PayPal and Shopify reported blockbuster earnings results this week, which showed a growing shift to digital amid the pandemic. But that also raises the question: “Is this change permanent?”
Brian Bogosian, CEO of sticky.io, joined Karen Webster for our latest This Week In Payments conversation to discuss that and other key developments affecting the industry this past week. Here’s a rundown of what they discussed:
Will The Digital Shift Stick Around?
Bogosian said the digital shift was already in motion even before COVID-19, but the pandemic has certainly accelerated the trend. After all, traditional supply chains have been interrupted, and many manufacturers of consumer goods and other wares have faced disruptions to their traditional distribution methods as retailers closed.
“The landscape has been permanently altered, and I think that people will take things delivered online — even things that they would have gone to the grocery store or the drugstore for” as part of their routines, Bogosian said. “I think that what we're seeing now is just the beginning of a trend to move distribution of products online. And I think [it's] permanent.”
Webster agreed, noting that consumers couldn’t choose where to buy their products during pandemic-related lockdowns; they had to buy them online. She added that while lockdowns have lifted in some locales, many consumers still prefer digital channels because they’ve established a habit of going online. They like the convenience and ease of online shopping, and eCommerce outlets have made the experience simple, she said.
Bogosian concurred, adding that financial distress at many retail chains is only speeding up consumers’ digital shift.
“A lot of these firms have been burdened with large amounts of debt — they certainly weren't able to modernize [and] they can't carry the inventory,” he said. “As consumers go back to what they would consider to be a normal pattern of buying and then find that the things they will usually get aren't in the store, it's just going to further accelerate this movement to purchasing things online.”
The Rise Of DTC
Bogosian said many mass-market brands are realizing they need to create a direct-to-consumer (DTC) relationship to maintain their position in people’s homes. He predicts that as a result, more and more consumer-goods makers will be going DTC.
“[Those retailers] will still be there for whatever they can do, but for … companies with quarterly earnings and drive to profitability, there's just no way they can get there without rapidly accelerating their initiatives internally to going direct to the consumer,” Bogosian said.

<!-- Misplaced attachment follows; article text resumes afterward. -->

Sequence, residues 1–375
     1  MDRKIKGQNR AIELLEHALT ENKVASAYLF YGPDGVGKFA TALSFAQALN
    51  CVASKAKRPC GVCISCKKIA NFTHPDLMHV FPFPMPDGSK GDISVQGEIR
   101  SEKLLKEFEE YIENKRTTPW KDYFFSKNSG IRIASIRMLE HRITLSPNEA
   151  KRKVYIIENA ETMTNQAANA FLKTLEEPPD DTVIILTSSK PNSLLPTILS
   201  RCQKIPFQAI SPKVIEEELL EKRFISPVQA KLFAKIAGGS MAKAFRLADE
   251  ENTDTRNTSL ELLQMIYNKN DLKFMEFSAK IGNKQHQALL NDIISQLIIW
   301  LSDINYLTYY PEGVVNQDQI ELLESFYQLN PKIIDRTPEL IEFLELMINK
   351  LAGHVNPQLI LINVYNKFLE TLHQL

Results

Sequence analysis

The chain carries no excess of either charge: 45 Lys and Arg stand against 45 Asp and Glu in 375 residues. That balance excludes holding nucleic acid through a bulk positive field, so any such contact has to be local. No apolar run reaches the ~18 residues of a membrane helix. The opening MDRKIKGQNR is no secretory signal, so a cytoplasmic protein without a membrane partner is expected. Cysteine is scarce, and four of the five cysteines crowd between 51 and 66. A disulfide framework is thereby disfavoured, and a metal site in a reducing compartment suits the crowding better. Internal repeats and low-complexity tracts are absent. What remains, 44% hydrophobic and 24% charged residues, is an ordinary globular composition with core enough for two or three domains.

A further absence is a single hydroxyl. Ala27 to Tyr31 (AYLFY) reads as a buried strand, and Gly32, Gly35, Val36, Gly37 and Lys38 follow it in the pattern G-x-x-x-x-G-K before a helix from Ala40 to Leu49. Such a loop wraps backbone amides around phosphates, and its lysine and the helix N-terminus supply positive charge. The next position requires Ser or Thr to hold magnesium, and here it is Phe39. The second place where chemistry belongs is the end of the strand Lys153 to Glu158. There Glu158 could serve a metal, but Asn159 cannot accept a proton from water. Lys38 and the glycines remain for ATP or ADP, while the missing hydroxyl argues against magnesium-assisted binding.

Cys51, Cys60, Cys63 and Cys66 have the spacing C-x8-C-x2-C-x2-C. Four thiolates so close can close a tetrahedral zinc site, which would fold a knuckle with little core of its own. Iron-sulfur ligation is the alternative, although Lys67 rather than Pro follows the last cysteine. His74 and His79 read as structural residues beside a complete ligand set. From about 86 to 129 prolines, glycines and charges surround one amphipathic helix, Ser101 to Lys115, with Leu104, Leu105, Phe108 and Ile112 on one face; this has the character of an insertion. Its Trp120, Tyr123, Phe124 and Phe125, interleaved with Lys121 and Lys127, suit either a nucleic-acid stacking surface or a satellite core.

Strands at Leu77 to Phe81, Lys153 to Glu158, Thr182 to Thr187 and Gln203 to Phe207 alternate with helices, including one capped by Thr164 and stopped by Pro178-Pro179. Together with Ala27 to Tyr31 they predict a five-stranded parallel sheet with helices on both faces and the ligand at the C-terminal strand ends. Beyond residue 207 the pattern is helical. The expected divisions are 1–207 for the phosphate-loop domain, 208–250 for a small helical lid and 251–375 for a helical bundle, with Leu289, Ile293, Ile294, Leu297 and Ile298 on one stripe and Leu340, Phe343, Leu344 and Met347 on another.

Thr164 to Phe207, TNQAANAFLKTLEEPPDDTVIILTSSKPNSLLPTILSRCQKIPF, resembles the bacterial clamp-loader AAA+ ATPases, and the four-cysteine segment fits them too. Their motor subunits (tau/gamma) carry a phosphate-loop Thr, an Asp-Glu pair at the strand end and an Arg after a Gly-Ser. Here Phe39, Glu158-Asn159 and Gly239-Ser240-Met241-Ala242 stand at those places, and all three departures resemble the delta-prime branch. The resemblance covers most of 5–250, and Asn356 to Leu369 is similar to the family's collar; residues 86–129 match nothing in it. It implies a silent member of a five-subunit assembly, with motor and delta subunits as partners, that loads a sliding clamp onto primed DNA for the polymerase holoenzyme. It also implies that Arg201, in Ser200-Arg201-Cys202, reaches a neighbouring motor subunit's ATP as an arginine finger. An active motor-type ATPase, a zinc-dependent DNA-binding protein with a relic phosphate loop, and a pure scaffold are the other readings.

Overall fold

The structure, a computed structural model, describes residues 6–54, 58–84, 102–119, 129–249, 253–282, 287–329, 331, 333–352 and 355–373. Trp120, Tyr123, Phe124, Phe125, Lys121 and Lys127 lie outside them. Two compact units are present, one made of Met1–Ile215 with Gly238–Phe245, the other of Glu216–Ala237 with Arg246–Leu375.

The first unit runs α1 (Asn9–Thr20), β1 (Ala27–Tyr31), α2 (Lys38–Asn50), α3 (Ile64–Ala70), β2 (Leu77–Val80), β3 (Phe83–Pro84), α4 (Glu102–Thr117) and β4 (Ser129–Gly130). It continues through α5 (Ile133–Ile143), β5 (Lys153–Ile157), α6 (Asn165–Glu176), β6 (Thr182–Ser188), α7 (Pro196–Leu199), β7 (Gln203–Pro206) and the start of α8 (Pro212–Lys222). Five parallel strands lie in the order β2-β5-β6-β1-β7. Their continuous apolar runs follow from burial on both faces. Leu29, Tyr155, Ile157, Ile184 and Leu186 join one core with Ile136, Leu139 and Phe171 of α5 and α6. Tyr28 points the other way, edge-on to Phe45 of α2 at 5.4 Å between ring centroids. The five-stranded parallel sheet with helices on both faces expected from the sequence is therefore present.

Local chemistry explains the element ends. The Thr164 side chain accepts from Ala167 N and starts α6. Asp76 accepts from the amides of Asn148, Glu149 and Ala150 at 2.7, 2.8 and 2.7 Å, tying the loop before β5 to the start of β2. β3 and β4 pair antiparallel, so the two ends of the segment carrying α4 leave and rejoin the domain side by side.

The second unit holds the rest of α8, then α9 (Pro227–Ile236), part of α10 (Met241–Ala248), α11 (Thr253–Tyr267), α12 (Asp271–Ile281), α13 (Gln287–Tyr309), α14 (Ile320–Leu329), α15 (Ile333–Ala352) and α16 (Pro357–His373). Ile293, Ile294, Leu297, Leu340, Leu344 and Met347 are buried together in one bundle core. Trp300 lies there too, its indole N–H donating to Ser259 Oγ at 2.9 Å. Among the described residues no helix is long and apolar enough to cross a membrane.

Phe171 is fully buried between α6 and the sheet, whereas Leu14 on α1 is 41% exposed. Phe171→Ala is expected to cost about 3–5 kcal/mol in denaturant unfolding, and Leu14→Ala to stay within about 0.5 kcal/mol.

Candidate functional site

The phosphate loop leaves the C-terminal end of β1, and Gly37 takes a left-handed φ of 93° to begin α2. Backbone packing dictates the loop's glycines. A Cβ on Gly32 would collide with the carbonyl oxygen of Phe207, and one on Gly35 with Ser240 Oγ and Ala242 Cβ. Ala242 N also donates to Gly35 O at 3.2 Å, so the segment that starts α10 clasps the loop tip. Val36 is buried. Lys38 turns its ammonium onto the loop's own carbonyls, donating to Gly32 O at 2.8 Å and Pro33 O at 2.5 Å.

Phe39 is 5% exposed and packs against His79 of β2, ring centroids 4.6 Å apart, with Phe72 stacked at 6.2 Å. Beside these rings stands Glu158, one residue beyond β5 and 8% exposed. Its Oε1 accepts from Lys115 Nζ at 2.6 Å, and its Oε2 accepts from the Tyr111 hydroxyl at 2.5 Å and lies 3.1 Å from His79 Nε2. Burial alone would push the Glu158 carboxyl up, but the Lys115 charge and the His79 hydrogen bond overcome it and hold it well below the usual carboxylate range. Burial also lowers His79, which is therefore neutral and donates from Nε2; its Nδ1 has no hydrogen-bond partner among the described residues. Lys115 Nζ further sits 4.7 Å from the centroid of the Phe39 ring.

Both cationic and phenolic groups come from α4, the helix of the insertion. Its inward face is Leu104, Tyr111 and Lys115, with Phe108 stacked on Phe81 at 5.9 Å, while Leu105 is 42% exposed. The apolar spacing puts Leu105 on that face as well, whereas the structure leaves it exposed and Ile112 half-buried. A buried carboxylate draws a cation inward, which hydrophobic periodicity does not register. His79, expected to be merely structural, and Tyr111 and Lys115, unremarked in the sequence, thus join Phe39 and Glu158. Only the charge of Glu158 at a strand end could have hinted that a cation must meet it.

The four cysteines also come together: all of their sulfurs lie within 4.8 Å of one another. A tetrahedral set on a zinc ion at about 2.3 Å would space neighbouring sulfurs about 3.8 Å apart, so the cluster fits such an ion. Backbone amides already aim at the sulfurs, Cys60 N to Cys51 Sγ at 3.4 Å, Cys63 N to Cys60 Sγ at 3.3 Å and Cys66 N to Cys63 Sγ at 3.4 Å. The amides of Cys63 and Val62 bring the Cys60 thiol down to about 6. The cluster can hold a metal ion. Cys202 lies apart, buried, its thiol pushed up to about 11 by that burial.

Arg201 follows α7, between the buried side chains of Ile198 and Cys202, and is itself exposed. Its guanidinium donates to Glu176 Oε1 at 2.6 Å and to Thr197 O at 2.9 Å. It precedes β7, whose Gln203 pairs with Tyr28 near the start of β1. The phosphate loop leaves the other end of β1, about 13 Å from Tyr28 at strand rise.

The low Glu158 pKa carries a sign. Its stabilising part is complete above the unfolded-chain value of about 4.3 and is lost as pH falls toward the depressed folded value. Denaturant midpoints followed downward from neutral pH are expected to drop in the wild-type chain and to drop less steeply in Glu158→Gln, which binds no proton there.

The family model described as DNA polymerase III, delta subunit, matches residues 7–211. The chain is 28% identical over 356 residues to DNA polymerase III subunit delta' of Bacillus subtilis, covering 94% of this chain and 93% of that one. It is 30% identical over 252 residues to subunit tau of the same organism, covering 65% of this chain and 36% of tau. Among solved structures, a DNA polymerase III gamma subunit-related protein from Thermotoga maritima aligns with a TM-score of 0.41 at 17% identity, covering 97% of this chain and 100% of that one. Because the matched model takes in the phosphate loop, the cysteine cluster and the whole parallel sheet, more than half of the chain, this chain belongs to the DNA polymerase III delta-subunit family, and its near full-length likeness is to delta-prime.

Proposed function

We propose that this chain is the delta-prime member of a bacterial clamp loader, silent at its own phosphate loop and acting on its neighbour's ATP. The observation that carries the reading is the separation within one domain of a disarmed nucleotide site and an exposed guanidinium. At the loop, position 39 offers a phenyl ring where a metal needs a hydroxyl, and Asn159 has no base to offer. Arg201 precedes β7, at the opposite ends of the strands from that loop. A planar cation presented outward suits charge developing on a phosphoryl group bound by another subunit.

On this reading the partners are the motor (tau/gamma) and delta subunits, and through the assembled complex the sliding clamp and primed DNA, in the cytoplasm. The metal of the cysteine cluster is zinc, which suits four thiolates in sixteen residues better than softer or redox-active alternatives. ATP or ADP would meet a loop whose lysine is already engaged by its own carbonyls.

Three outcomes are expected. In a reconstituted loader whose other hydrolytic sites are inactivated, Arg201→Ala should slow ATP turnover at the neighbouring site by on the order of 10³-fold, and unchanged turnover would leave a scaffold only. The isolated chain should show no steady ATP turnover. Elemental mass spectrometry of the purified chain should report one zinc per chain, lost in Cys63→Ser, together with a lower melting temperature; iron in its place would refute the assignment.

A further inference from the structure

Webster added that Coca-Cola and PepsiCo, which released quarterly earnings recently, made large shifts to DTC partly out of necessity, as physical channels where people consume soft drinks — stadiums, bars, restaurants, etc. — are mostly closed. If the soft-drink makers want to make up the lost volume, they have to find ways to reach customers directly, she said.
Meanwhile, Bogosian said a few startups are seeking to disrupt the traditional 7-Eleven distribution channel for convenience items, directly delivering the kinds of products that consumers usually buy at those kinds of stores.
“If you can get those things and at the same price and delivered to you, I think … that’s driving this mentality of not going to the retailer and [instead] doing things online,” he said.
With such a sea change under way, Bogosian has invested in a company that builds carts that will tackle the last-mile challenge of grocery delivery.
“It'll drive up to your house and you'll unlock it from the secured cage … and then the vehicle’s on its way to the next person,” he said. “I think the mentality of this is going to get people a lot more familiar with this whole idea of consuming from their computer or their mobile device — and also be able to get it pretty rapidly, cost-effectively.”
Big Tech Takes On Capitol Hill
Also this week, the CEOs of Big Tech giants Amazon, Apple, Google and Facebook faced lawmakers in a hearing before a House Judiciary subcommittee on antitrust.
Webster told Bogosian that she thought some of the hearing’s most interesting questions and dialogue centered around competition and whom Big Tech sees as rivals. Bogosian observed that “in static industries, that's a lot easier to see how competition goes. But technology is anything but static. Things are always changing, and who may be your ally today may be a ‘frenemy’ tomorrow.”
He added, “I think there is a role for government and regulation and monitoring because if a search engine tends to advantage a certain channel … then those kinds of things have to be monitored.”